by SARAH THOMACK
St. Joseph Post
The CEO of Second Harvest Community Food Bank shared testimony at a congressional hearing this week on the food bank’s response to the pandemic.
Second Harvest CEO Chad Higdon and others virtually joined the subcommittee on Economic Development, Public Buildings and Emergency Management to share about the experiences of vulnerable populations during disasters.
“I was able to provide feedback on what we’re seeing here in Missouri and Kansas," Higdon says. "Also (I) reached out to food banks across the country to get a sense of how it’s been working for them working with FEMA and through other federal programs really to respond to the increased need in demand that we’re seeing across the country.”
Higdon reported that from July 1, 2019, to June 30, 2020, Second Harvest distributed nearly 9.9 million pounds of food through direct service programs and partner agency distributions. Prior to the pandemic, Second Harvest reportedly served an estimated 45,000 individuals identified as food insecure out of a total estimated population of 350,000. The estimated number of food insecure is expected to increase by approximately five percent to an estimated 64,000 individuals as a result of the pandemic.
Higdon says, as part of his testimony, he provided insight on the wide range of federal support as a result of the COVID-19 pandemic and how that’s helped the food bank respond to increasing needs.
“What we’re seeing is it really helped us meet the demand with the Coronavirus Food Assistance Program, food purchases through Families First and the CARES Act,” Higdon says. “All that’s really supported that increased need and through our work we really do make an effort to understand the need county by county, so no matter who’s struggling, we try to reach them where they are and make sure all of our food that we have available is (getting) to everybody that needs the help right now.”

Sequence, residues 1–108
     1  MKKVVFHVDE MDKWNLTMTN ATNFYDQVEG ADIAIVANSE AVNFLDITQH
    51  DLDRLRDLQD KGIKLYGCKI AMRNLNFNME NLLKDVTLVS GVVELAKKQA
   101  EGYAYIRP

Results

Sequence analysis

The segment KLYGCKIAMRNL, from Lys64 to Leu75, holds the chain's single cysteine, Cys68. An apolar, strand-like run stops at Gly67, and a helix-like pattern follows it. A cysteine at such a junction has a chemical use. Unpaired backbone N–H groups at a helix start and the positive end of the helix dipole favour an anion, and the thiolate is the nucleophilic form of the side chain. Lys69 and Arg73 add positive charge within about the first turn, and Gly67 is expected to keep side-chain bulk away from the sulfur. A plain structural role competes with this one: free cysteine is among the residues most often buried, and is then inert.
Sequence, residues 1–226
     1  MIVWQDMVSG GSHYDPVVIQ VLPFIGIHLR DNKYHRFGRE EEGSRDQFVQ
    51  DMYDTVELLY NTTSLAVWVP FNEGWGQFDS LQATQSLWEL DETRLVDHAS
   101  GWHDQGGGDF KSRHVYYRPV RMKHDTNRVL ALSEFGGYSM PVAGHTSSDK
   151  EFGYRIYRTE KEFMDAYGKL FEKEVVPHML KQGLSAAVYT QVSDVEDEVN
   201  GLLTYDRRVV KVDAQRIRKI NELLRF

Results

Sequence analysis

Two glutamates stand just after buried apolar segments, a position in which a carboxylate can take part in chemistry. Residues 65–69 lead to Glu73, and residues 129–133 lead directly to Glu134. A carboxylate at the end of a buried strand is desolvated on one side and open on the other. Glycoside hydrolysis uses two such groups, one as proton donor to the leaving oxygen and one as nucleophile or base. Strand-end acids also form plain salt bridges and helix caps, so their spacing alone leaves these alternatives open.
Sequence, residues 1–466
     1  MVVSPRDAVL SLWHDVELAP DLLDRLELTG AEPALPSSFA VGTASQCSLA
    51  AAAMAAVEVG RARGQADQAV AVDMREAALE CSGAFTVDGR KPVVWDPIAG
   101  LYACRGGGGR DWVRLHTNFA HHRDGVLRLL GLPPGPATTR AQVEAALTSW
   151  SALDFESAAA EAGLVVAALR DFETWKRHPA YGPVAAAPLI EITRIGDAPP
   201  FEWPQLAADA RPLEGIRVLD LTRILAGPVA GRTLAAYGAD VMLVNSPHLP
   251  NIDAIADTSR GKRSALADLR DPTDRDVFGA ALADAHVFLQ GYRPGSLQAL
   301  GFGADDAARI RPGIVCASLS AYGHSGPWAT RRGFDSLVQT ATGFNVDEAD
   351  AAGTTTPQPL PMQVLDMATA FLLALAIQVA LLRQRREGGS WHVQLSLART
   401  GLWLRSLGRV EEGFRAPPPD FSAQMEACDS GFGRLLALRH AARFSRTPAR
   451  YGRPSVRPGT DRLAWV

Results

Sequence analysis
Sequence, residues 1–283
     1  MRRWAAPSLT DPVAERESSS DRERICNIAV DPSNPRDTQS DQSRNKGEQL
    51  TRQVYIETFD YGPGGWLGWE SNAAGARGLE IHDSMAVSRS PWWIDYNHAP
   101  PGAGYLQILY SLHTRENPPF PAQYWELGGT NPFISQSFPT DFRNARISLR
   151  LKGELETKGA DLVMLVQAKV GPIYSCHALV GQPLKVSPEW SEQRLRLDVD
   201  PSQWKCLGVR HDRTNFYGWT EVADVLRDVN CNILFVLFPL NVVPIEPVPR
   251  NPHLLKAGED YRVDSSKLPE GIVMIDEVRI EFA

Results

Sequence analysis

In talking with food banks from across the country, Higdon says the main thing he heard was confusion on how the reimbursement process through FEMA for emergency food distribution works. That confusion led to some local emergency managers not applying for available funds. His recommendations to the subcommittee referenced that and .
“Just providing state emergency management agencies clarity through the FEMA regions would be helpful and continuance of food purchases, especially shelf-stable," Higdon says. "Our refrigeration capacity and freezer capacity right now is really stressed and so the more shelf-stable product that we can get access to to help us distribute and get out right now would certainly be helpful and then obviously continuance of utilization of the National Guard would really help.”
Higdon testified at the congressional hearing at the request of Congressman Sam Graves.
“It was just an honor to be able to provide that perspective and insight that hopefully helps lawmakers with their decision making and ways to always look at improving what the federal government can do specific to this - disaster response,” Higdon says.
To view the full congressional hearing, click here.